fields of research addressing ancient philosophical questions. With the VO Summer School of 2005, and the Pontifical
Academy of Sciences Study Week in 2009, the conference is another example of the Vatican’s contribution to the field.
Along with the conference itself, students were invited to attend a school the weekend before the conference; 26
participants from 7 countries were slated to attend that school, which was held at the UA Biosphere 2. The school was
a pre-conference workshop where the participants (mainly graduate students and junior post-doctoral researchers)
attended lectures and tutorials, in order to have the best starting point for the conference.
Spring 2014
Reaching for the Heavens
R e q u i e s c at i n Pac e , Fat he R B i l l
Rev. William R. Stoeger, S.J., astronomer at the Vatican Observatory, died March 24,
2014 at the Sacred Heart Jesuit Center in Los Gatos, CA, after a struggle with cancer.
He was 70 years old and had been a member of the Society of Jesus for 52 years.
He entered the Jesuit Order at Los Gatos in 1961. His studies took him to Spring
Hill College, Mobile, UCLA, and Cambridge University, England, where, working
with Stephen Hawking and colleagues, he received his Ph.D. in Astrophysics. After
postdoctoral work in gravitational physics at the University of Maryland, Bill joined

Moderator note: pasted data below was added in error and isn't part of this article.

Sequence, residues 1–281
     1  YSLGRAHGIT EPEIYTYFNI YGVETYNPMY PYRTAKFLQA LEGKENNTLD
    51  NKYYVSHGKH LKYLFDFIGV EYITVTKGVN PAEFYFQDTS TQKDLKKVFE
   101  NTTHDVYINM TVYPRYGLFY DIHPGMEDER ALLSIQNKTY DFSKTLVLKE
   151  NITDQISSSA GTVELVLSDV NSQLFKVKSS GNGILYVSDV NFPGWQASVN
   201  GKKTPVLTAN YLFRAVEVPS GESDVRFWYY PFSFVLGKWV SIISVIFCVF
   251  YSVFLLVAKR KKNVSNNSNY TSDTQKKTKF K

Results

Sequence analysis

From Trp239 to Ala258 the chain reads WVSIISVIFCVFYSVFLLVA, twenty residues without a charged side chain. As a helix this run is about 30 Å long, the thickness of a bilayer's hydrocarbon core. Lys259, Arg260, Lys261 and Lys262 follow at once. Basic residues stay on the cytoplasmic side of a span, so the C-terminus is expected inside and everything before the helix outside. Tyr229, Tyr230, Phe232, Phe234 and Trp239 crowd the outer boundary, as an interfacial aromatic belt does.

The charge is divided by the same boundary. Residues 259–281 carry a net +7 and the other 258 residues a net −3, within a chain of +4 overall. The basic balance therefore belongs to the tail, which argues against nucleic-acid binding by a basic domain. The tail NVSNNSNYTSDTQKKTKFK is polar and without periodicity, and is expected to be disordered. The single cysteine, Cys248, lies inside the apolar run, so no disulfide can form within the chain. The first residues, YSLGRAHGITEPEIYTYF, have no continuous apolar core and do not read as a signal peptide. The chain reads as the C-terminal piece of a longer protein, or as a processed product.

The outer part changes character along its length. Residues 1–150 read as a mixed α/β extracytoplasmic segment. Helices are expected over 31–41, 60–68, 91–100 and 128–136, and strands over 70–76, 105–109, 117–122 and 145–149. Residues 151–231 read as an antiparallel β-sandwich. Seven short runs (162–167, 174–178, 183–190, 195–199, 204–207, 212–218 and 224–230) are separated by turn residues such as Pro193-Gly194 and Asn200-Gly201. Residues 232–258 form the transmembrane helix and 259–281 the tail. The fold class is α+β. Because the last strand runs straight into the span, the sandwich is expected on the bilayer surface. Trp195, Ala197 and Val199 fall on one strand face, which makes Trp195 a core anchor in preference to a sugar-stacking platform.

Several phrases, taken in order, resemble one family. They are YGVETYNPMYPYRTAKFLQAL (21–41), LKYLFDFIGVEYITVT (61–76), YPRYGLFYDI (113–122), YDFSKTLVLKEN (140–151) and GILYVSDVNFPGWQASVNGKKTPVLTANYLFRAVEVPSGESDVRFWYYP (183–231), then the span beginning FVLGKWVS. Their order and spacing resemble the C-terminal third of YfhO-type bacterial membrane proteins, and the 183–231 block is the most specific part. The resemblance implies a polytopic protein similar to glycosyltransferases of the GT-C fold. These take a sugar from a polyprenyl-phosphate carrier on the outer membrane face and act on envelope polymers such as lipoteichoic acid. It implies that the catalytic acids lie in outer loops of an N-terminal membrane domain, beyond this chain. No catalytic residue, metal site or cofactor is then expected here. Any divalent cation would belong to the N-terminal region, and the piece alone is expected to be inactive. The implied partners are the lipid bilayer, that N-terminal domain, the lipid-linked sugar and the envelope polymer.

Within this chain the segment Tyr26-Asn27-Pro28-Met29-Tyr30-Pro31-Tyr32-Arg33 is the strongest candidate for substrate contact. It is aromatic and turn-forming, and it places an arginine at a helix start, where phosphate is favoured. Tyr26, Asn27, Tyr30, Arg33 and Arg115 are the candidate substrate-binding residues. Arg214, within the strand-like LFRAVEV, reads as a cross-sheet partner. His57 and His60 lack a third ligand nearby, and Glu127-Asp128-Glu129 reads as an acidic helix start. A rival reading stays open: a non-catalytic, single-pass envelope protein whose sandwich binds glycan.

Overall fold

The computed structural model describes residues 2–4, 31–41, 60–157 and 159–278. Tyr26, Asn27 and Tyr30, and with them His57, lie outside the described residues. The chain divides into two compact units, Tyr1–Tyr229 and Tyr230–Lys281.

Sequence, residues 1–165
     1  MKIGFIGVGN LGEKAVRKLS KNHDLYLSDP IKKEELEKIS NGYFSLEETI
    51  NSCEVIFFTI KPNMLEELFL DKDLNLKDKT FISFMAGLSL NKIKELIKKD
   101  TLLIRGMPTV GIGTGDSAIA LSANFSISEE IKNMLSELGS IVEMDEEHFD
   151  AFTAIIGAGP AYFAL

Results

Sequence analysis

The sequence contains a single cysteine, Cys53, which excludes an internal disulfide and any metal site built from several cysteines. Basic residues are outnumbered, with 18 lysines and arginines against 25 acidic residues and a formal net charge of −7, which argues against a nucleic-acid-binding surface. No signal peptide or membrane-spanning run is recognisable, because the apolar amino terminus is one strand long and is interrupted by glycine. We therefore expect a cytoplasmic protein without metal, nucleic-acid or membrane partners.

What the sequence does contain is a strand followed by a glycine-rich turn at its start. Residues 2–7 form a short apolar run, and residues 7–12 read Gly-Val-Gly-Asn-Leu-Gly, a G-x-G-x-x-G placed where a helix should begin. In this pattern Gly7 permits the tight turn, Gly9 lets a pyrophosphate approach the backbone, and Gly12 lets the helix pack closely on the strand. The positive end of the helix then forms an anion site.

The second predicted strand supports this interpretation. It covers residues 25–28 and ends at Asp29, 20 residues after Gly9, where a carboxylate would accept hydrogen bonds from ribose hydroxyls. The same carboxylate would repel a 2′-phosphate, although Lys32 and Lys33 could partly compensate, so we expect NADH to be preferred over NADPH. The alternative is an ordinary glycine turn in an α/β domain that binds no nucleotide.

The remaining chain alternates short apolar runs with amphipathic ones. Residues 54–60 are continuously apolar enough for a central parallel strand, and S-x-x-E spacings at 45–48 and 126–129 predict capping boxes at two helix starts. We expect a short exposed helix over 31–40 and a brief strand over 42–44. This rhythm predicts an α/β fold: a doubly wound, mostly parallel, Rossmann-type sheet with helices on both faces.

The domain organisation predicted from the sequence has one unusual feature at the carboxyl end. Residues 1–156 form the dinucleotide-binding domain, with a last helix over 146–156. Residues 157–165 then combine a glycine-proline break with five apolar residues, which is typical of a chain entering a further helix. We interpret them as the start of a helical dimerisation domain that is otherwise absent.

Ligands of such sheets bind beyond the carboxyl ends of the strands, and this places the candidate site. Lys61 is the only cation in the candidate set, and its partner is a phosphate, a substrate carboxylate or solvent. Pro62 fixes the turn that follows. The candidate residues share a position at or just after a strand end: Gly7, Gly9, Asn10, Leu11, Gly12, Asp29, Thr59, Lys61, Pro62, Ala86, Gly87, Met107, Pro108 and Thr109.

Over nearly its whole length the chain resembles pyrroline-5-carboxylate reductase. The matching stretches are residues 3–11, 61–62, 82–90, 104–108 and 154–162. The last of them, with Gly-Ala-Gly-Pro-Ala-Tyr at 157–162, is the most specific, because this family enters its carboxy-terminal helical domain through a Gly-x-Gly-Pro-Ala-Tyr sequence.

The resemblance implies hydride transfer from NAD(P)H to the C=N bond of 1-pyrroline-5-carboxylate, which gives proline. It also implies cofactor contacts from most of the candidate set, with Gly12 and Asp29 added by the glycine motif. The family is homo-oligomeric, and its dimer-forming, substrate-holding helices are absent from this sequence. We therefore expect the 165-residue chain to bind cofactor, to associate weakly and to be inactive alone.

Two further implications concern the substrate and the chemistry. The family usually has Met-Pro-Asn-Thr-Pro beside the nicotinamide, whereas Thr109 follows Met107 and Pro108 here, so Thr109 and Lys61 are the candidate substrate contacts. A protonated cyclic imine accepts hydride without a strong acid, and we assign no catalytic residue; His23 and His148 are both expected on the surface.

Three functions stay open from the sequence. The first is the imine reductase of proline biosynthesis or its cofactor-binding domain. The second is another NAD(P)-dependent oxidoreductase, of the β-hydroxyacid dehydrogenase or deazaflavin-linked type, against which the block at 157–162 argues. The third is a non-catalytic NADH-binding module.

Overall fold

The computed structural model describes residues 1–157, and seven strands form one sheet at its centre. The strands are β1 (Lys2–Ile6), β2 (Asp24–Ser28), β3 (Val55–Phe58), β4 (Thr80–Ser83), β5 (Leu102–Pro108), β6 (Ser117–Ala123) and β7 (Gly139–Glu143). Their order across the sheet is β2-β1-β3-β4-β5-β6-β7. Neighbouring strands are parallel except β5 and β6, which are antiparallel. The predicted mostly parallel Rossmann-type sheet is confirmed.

the staff of the Vatican Observatory. Bill’s expertise was theoretical cosmology, highenergy astrophysics and interdisciplinary studies relating science and religion. In
addition to being a renowned scientist, Bill was sought after as a retreat presenter and
spiritual director.
“Astronomy Skits for Secondary
School Science Education”
Prescott Astronomy Club at the
Prescott Public Library
Date: October 16, 2014
Fr. Chris Corbally, S.J., and Dr. Margaret Rappaport
will describe their upcoming book for science
educators and science policy makers, and review
the latest, worrisome numbers of science graduates
in the United States and worldwide. They will then
illustrate the book with a performance of two of
their Astronomy Skits, and discuss their purpose
of attracting young adults to astronomy and the
sciences in general.
For other speaking engagements see: http://
To read the full obituary please go to: